quarrel

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English[edit]

Pronunciation[edit]

Etymology 1[edit]

From Middle English querele (altercation, dispute; argument, debate; armed combat; trial by combat; basis for dispute, complaint; claim, legal suit; a lament; illness) [and other forms],[1] from Anglo-Norman querele [and other forms] and Middle French querele, querelle (altercation, dispute; basis for dispute; side in a dispute; complaint; accusation; legal suit; lament; problem) (modern French querelle), and from their etymon Latin querēla, querella (dispute; argument; complaint, grievance; legal complaint; lament; illness), from querī + -ēla, -ella (suffix forming nouns).[2] Querī is the present active infinitive of queror (to complain; to bewail, lament; to be indignant), from Proto-Indo-European *ḱwes- (to puff; to sigh).

The word had replaced Old English sacan (basis for dispute) by 1340.

Noun[edit]

quarrel (plural quarrels)

  1. A dispute or heated argument (especially one that is verbal).
    Synonyms: see Thesaurus:dispute
    We got into a silly quarrel about what food to order.
    • 1851, Francis, Duc de la Rochefoucauld [i.e., François de La Rochefoucauld], [anonymous], transl., Moral Reflections, Sentences and Maxims of Francis, Duc de la Rochefoucauld. [], New York, N.Y.: William Gowans, OCLC 9452642, number 523, page 140:
      Quarrels would not last long, if the fault was only on one side.
    • 2016 June 17, John O’Sullivan, “U.K. Membership in the European Union”, in C-SPAN[1], 4:34 from the start, archived from the original on 23 December 2020:
      All quarrels halt at the grave.
  2. Often preceded by a form of to have: a basis or ground of dispute or objection; a complaint; also, a feeling or situation of ill will and unhappiness caused by this.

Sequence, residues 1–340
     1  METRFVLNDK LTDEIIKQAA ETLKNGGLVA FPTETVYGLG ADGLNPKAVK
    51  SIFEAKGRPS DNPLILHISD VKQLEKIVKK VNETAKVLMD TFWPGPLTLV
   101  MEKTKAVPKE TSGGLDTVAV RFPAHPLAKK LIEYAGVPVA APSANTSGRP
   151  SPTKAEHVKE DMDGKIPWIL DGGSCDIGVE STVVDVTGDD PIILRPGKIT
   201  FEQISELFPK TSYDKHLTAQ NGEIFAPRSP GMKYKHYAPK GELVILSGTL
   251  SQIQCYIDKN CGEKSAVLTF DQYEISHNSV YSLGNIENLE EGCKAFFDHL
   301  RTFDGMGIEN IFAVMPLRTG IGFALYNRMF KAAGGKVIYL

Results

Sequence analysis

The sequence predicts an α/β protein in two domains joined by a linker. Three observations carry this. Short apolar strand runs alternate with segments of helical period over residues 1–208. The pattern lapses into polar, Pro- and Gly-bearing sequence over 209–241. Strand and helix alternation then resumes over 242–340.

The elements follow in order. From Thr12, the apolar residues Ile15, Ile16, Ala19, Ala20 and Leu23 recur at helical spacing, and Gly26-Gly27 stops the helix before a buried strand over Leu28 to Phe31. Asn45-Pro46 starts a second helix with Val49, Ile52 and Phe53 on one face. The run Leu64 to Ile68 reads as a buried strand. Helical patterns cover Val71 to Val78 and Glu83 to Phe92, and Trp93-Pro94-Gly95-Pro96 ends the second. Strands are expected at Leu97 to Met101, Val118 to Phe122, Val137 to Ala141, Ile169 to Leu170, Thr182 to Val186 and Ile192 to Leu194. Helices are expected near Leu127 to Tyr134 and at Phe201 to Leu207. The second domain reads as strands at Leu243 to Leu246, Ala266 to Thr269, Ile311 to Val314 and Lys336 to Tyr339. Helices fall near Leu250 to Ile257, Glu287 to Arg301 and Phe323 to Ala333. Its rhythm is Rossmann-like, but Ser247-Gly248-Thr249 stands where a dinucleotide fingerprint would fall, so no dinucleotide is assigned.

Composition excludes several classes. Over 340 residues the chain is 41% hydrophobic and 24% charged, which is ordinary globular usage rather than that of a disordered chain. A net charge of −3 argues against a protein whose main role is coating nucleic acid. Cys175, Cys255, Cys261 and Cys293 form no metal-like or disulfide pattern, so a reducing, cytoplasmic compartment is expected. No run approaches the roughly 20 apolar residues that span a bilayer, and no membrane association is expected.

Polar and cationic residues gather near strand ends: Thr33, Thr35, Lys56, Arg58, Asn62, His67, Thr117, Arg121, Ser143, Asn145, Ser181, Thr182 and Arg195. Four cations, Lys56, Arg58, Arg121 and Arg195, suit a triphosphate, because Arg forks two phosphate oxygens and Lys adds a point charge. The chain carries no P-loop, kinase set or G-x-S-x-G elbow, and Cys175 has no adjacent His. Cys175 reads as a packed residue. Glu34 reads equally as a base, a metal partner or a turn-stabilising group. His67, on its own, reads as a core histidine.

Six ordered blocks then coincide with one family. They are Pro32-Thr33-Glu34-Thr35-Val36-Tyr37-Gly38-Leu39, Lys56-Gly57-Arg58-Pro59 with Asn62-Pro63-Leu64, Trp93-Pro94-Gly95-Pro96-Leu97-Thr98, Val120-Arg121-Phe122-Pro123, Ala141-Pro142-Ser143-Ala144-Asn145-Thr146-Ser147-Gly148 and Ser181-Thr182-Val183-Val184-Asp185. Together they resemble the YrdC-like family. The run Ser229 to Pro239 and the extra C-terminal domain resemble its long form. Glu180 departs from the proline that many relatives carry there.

A few customers in the shop had some quarrels with us, so we called for the manager.
    I have no quarrel with her; it’s her partner whom I dislike.
  3. (rare) A propensity to quarrel; quarrelsomeness.
Alternative forms[edit]
Related terms[edit]
Translations[edit]
The translations below need to be checked and inserted above into the appropriate translation tables, removing any numbers. Numbers do not necessarily match those in definitions. See instructions at Wiktionary:Entry layout § Translations.

Etymology 2[edit]

From Middle English querelen (to dispute, quarrel; to assert one's claims; to rebel) [and other forms], from querele (noun);[3] see etymology 1. Compare Anglo-Norman, Middle French, and Old French quereler, quereller (to argue with, dispute; to criticize; to bring a legal suit) (modern French quereller (to quarrel, squabble)).[4]

Verb[edit]

quarrel (third-person singular simple present quarrels, present participle (UK) quarrelling or (US) quarreling, simple past and past participle (UK) quarrelled or (US) quarreled)

  1. (intransitive, also figuratively) To argue fiercely; to contend; to squabble; to cease to be on friendly terms, to fall out.
  2. (intransitive) To find fault; to cavil.
    to quarrel with one’s lot
  3. (intransitive, obsolete) Followed by at: to disagree with; to take offence.
  4. (transitive, obsolete except Scotland) To argue or squabble with (someone).
Conjugation[edit]
Alternative forms[edit]
Derived terms[edit]
Translations[edit]
The translations below need to be checked and inserted above into the appropriate translation tables, removing any numbers. Numbers do not necessarily match those in definitions. See instructions at Wiktionary:Entry layout § Translations.

Etymology 3[edit]

PIE word
*kʷetwóres
A crossbow quarrel (sense 1) or bolt of the 16th or 17th century.